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Washington • Don't look for balloons or a big "Grand Opening" sign outside the National Security Agency's new Utah Data Center.
The facility is expected this fall to quietly begin sucking in massive amounts of information for the intelligence community and storing it in the cavernous buildings in Bluffdale, according to NSA officials and it could be open now even as the agency faces scrutiny over efforts to collect data on Americans domestically.
NSA officials declined to say whether the center is already online, but the secret agency isn't known for celebrating the opening of classified buildings.
"We turn each machine on as it is installed, and the facility is ready for that installation to begin," NSA spokeswoman Vanee Vines said recently in an interview.
The data center, one of several large computer facilities run by the agency, is one of six major hubs for the NSA and will not only serve as backup storage but also be networked into the government's intelligence gathering so analysts from other sites can access it in real time.
The $1.5 billion building, based on the Utah National Guard's Camp Williams straddling Utah and Salt Lake counties, will be the NSA's largest computing center in the world with about 1 million square feet of space, a tenth of that taken up by computer servers.
But the Utah center opens amid a firestorm over the NSA's data collection after news reports, mainly in The Guardian and The Washington Post, revealed classified documents showing the agency is collecting data about Americans' domestic phone calls and is able to tap into social-media platforms in its searches.
Sen. Ron Wyden, an Oregon Democrat who sits on the Senate Intelligence Committee and has been critical of the NSA's methods, said this week that he plans in the next few days to sketch out what authority the agency is using to justify its collection of domestic intelligence and that hearings will be held.
"There is no question there is going to be increased scrutiny of these kinds of practices," Wyden said, "because Americans understand this is a dangerous time, but the government, if it's going to collect [this information], ought to have to say here's how it contributes to security of the American people. They have not made that case."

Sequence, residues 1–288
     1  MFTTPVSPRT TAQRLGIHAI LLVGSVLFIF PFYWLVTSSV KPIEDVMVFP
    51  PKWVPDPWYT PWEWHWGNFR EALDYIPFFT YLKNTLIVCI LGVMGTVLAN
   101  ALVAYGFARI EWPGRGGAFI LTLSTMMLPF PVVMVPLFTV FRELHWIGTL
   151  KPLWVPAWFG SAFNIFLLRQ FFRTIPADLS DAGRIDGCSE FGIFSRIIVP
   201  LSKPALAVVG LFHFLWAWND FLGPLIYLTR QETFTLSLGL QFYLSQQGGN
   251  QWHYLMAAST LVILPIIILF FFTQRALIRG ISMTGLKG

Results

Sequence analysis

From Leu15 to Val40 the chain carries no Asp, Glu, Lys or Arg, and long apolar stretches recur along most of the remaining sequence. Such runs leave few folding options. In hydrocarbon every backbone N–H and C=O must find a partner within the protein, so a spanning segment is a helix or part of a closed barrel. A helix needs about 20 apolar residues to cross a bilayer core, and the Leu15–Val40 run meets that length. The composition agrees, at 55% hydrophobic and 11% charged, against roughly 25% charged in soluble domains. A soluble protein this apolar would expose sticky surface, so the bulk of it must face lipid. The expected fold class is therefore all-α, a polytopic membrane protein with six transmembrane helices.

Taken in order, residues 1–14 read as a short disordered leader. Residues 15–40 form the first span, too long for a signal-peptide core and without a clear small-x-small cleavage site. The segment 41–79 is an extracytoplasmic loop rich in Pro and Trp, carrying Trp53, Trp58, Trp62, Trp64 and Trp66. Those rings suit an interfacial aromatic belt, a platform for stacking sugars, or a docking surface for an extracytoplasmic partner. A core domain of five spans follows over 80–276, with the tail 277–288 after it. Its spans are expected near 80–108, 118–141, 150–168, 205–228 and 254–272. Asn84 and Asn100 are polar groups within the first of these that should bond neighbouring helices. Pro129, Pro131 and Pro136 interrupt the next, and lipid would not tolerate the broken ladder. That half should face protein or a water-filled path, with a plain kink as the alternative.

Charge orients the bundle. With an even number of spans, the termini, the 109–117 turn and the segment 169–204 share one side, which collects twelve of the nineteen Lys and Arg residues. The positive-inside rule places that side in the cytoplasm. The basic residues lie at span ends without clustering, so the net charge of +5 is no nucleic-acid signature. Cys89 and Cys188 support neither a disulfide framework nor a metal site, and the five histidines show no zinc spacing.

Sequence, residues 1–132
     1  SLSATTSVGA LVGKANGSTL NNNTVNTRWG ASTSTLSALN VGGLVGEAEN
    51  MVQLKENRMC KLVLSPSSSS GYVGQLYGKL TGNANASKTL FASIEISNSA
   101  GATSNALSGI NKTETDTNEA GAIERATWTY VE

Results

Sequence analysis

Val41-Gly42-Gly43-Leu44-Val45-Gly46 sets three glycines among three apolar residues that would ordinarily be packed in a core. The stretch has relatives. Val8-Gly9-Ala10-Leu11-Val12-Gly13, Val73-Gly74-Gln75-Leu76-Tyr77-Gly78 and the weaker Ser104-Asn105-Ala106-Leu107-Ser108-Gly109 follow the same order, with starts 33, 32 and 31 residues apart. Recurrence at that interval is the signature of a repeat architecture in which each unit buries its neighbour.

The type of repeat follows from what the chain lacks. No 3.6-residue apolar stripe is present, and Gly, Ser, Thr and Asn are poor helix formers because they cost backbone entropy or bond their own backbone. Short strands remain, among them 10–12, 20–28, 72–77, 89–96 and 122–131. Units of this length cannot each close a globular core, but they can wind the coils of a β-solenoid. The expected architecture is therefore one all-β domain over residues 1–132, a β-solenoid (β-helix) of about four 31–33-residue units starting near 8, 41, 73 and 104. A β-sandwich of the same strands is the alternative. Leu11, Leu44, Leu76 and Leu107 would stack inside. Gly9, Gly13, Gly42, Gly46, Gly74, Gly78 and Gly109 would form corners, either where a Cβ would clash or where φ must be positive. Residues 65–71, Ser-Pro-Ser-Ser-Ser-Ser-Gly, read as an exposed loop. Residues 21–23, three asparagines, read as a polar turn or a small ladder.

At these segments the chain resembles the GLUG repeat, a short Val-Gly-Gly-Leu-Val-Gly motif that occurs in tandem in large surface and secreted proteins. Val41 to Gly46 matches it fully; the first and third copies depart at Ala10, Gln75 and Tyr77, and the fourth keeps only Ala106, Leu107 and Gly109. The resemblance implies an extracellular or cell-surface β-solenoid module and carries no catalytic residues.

A week before former NSA contractor Edward Snowden began leaking classified information on the agency's previously secret activities, Deputy Director John Inglis said that the Utah Data Center should be welcomed to the state because it plays such a critical role in protecting national security. Folks who live in its shadows or see it while driving on Interstate 15 or Redwood Road shouldn't fret, he said.
"They shouldn't be worried because, A, we're Americans," Inglis said. "We understand what the principles are that govern the nation; [and] B, we take an oath to the Constitution, and we take that very seriously."
Inglis added that the agency tells its employees it's "not just important that we do something ... it's important that we do it the right way. We have to do it in a principled manner."
Some Utah politicians have been invited to tour the facility and were there for a ceremony earlier this year to mark the multiyear project's completion. The event was closed to reporters and some local officials.
NSA surveillance under fire
Bill would kill NSA program • Spying by the National Security Agency has cost the United States economically and angered allies, a bipartisan group of senators said Wednesday in unveiling legislation that would end the collection of millions of Americans' phone records and data on Internet usage. Three Democrats Oregon's Ron Wyden, Mark Udall of Colorado and Richard Blumenthal of Connecticut and Republican Rand Paul of Kentucky outlined their legislation to end longstanding NSA surveillance practices and open up some of the actions of the secret federal court that reviews government surveillance requests. The lawmakers argued that their bill is the appropriate response to disclosures this past summer about the sweeping surveillance programs one that gathers U.S. phone records and another that is designed to track the use of U.S.-based Internet servers by foreigners with possible links to terrorism.
Headed to court? • Supreme Court Justice Antonin Scalia said Wednesday that the courts ultimately will have to determine the legality of surveillance programs by the NSA. And he says he's not sure that's a good thing in an era of complex security threats against the U.S.
Source • The Associated Press
About 200 people, mainly technicians, are expected to work at the Utah Data Center, which is closed to the public and protected by NSA's police force.